Empty shelves, missing product lines and the rising sense of a country that may not be able to feed itself: despite still being underplayed by most of the media, the results of Britain’s labour shortages are now ubiquitous.
Fruit growers warn that their crops are simply being left to rot. For want of regular workers, meat-processing plants are set to employ prisoners. The shortage of lorry drivers means that McDonald’s has run out of milkshakes. After 18 months of misery and disruption, most of us seem to be responding with fatalistic shrugs, although the situation also brings to mind a cliched but pointed question: can you imagine the reaction if this was happening under a Labour government?
If you want to understand the starkest realities, a good place to look is the chunk of eastern England that encompasses Lincolnshire and Cambridgeshire, where vast vegetable farms sit alongside food-processing businesses, and where such towns as Wisbech, Spalding and Boston have become bywords for migration from central and eastern Europe. I have been there many times, trying to understand an area of the country at the core of how Britain’s economy has been reshaped over the past three decades.
A few days ago I put in a call to Lionel Sheffield, the boss of a labour agency called Rapid Recruitment, based in Wisbech. The last time we met, in the immediate aftermath of the 2016 referendum, he told me the local labour market was heading towards some kind of crisis, but his firm’s books were still full of hundreds of people from EU countries, whom he directed towards work not just in the food industry, but also transport and manufacturing. Now, as Brexit has convinced people to return to their home countries, and new visa rules have ensured they will not be replaced by new migrants, things have passed a tipping point. Employers are “fighting over a dwindling pool of labour”, he says.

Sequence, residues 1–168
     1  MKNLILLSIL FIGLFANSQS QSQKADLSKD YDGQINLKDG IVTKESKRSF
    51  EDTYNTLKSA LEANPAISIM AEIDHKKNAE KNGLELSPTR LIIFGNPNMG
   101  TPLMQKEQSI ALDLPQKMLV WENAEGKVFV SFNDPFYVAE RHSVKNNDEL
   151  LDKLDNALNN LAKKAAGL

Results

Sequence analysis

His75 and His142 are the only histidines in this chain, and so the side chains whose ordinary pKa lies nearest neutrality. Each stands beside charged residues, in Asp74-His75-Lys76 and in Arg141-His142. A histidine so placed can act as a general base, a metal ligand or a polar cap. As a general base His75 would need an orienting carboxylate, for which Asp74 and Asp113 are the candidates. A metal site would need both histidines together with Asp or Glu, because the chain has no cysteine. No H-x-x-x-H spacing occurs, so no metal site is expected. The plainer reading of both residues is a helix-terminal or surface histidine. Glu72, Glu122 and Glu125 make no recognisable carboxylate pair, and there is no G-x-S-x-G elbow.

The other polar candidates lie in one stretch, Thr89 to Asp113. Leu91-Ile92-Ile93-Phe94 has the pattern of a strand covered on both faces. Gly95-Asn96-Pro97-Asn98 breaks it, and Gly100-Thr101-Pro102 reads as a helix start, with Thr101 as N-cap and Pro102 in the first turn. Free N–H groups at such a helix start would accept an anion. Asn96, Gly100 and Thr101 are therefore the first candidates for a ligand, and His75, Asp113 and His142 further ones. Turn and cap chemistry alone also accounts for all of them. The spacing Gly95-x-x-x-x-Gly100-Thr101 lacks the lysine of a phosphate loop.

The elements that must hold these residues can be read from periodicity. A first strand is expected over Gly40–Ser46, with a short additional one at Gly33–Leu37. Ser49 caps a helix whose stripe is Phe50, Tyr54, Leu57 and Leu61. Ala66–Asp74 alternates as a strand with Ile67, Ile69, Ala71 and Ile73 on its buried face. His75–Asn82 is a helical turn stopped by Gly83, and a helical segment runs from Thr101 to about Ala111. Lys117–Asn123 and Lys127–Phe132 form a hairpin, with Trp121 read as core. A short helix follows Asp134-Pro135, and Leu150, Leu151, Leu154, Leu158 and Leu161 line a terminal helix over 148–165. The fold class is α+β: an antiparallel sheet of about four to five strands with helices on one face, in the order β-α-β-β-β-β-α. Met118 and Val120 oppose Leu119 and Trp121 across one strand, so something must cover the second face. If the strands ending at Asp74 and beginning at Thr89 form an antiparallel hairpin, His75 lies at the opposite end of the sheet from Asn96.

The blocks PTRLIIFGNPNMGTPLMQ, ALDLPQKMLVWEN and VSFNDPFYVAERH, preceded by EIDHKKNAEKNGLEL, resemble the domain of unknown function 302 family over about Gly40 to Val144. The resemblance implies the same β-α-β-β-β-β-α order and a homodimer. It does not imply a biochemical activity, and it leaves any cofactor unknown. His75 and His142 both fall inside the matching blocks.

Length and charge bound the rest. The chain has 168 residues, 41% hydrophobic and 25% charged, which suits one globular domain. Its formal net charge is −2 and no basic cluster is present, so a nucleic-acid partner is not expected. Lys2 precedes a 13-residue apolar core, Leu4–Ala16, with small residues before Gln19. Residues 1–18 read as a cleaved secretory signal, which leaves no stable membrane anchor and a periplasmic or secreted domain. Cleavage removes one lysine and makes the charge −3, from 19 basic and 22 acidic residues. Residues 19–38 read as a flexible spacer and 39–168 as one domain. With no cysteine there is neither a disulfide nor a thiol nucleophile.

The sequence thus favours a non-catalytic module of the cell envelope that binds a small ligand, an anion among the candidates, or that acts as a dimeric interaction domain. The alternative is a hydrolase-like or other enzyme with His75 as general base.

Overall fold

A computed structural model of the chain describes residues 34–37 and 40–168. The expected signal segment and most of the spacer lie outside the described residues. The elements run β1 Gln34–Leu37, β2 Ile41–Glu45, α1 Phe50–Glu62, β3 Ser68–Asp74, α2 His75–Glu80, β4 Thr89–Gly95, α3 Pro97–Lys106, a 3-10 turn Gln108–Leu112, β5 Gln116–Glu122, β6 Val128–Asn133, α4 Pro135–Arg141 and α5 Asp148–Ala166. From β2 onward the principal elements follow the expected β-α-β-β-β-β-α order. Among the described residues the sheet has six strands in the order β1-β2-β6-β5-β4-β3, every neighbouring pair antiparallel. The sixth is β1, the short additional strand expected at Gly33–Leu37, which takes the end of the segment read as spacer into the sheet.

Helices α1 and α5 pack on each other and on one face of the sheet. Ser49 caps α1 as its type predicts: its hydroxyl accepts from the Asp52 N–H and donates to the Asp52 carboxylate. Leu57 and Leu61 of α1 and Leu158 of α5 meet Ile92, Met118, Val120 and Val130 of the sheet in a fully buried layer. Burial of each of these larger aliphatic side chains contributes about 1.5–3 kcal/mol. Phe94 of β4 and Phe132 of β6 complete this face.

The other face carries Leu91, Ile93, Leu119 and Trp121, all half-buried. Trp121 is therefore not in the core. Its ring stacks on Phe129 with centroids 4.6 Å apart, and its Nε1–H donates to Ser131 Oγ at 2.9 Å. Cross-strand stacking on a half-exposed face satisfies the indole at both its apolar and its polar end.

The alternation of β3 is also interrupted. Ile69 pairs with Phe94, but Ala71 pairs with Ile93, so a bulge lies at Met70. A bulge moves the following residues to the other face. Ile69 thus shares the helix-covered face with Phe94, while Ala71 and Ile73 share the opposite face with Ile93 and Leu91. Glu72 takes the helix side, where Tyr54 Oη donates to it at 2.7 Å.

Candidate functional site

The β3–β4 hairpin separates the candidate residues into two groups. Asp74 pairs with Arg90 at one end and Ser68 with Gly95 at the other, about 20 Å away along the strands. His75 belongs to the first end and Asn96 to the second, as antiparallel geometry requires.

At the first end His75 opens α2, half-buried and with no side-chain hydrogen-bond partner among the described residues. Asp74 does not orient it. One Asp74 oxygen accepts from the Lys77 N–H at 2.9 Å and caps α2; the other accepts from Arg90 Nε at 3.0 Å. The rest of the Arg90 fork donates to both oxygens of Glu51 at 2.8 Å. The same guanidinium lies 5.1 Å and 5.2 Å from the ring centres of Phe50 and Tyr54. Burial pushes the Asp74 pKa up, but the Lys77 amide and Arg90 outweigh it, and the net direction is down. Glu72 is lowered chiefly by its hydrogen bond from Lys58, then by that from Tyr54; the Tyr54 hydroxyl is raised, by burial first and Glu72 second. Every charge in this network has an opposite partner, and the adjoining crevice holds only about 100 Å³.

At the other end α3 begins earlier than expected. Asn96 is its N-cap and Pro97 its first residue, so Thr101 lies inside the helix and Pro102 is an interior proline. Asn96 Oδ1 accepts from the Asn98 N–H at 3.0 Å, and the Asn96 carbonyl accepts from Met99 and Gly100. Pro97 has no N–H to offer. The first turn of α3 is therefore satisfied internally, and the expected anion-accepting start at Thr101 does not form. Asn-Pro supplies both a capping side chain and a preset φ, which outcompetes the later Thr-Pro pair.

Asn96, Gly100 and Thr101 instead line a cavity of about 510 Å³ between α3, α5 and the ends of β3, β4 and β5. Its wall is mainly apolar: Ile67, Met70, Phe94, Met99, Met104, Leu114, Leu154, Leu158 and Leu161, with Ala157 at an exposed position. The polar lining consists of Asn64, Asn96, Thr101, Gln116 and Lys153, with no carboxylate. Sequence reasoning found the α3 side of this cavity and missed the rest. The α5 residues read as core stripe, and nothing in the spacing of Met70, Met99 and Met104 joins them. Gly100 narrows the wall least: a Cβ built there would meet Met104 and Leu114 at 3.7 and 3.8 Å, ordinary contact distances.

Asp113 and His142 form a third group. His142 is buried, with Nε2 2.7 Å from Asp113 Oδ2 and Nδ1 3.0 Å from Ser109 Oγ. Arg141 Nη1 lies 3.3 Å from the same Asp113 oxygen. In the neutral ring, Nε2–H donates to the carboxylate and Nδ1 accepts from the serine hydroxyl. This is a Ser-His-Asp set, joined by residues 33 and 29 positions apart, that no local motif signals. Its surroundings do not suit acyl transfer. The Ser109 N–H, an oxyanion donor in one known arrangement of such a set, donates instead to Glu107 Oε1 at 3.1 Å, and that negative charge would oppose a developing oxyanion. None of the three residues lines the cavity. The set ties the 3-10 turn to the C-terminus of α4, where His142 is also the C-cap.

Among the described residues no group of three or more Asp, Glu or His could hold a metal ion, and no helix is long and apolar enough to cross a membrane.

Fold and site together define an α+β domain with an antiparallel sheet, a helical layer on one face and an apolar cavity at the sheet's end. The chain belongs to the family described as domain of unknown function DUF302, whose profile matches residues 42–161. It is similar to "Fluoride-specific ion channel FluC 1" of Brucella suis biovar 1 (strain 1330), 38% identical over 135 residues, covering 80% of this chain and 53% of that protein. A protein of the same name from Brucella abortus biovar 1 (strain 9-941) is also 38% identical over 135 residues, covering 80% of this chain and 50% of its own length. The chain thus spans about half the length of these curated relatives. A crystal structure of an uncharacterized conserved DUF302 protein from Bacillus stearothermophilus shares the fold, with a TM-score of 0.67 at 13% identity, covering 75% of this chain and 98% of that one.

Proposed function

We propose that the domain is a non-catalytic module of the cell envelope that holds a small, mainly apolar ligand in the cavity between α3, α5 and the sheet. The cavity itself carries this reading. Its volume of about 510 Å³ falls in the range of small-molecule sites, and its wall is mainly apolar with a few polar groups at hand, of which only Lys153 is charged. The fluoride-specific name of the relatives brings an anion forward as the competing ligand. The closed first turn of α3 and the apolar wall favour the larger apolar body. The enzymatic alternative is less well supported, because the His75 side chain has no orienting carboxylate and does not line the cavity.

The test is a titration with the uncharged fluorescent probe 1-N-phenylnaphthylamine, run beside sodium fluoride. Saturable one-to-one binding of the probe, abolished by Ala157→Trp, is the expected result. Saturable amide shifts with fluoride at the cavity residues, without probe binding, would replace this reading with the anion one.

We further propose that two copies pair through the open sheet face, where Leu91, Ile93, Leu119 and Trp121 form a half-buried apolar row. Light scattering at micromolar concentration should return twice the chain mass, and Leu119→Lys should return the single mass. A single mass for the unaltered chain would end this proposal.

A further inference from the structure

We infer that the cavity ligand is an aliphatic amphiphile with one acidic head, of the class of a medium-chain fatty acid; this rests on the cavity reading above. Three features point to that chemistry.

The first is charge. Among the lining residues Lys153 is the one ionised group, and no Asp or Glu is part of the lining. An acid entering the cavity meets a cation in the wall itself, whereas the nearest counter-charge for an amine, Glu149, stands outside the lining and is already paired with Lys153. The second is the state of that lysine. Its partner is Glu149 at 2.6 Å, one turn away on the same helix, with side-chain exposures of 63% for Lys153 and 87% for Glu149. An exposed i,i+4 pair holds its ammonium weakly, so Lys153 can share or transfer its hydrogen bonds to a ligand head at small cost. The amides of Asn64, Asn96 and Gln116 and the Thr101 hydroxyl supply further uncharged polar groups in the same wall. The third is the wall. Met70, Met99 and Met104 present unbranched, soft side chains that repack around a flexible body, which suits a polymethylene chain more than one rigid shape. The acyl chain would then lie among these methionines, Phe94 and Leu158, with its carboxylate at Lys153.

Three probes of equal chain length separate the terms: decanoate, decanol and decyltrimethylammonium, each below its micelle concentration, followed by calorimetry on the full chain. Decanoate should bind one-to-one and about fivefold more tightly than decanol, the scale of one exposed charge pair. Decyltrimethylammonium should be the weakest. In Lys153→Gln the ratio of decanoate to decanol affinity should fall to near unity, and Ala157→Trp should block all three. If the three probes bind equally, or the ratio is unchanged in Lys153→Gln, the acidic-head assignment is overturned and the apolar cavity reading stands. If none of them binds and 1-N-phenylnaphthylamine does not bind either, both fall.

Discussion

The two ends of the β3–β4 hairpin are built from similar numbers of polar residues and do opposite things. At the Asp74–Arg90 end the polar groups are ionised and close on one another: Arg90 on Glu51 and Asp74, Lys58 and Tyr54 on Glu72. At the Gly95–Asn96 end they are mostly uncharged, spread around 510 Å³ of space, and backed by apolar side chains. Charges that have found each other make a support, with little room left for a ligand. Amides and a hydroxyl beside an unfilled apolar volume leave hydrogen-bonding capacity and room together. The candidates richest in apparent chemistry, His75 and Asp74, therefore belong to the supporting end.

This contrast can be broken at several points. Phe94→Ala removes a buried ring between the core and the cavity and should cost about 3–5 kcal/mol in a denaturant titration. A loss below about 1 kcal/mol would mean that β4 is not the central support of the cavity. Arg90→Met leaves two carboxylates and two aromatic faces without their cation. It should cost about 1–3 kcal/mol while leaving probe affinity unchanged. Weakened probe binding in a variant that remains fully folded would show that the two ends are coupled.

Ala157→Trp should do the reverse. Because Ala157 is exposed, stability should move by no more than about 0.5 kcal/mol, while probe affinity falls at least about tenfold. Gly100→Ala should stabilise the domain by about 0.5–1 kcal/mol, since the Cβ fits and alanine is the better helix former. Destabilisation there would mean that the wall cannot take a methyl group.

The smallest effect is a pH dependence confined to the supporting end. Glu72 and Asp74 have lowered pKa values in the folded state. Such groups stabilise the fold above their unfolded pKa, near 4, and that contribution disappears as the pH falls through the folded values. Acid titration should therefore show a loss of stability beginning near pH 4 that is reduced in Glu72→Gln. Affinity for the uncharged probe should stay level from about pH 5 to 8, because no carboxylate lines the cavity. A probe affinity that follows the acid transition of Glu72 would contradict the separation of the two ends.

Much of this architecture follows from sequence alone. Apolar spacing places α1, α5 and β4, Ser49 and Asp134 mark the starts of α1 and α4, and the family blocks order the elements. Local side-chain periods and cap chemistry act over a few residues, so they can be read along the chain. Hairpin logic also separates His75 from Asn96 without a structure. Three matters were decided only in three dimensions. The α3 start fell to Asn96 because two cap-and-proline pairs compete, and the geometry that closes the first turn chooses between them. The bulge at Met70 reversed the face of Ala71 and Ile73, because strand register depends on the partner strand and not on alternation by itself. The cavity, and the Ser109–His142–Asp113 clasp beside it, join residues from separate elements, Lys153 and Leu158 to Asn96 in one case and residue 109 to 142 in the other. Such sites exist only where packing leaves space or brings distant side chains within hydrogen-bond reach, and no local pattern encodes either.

The standard line from the Home Office, parroted with a familiar populist zeal, is that “employers should invest in our domestic workforce instead of relying on labour from abroad”. But Sheffield insists that even if wages increase – and in food processing, he says, local hourly rates have recently gone up from the minimum wage of £8.91 to £9.50 – he operates in a part of the country with full employment, where British-born people tend to choose different kinds of work. Pay may well continue to rise, as much as the tight margins imposed by supermarkets will allow. Yet whether that will conjure up new armies of workers seems doubtful.
The result, for the moment, sounds like chaos. One company Sheffield deals with employs people to chop up carrots and onions for supermarket ready meals. But, as it runs low on workers, it faces another problem: insufficient numbers of lorries have been turning up to transport the processed veg to the next stage of production. As a result, even more food has been thrown away.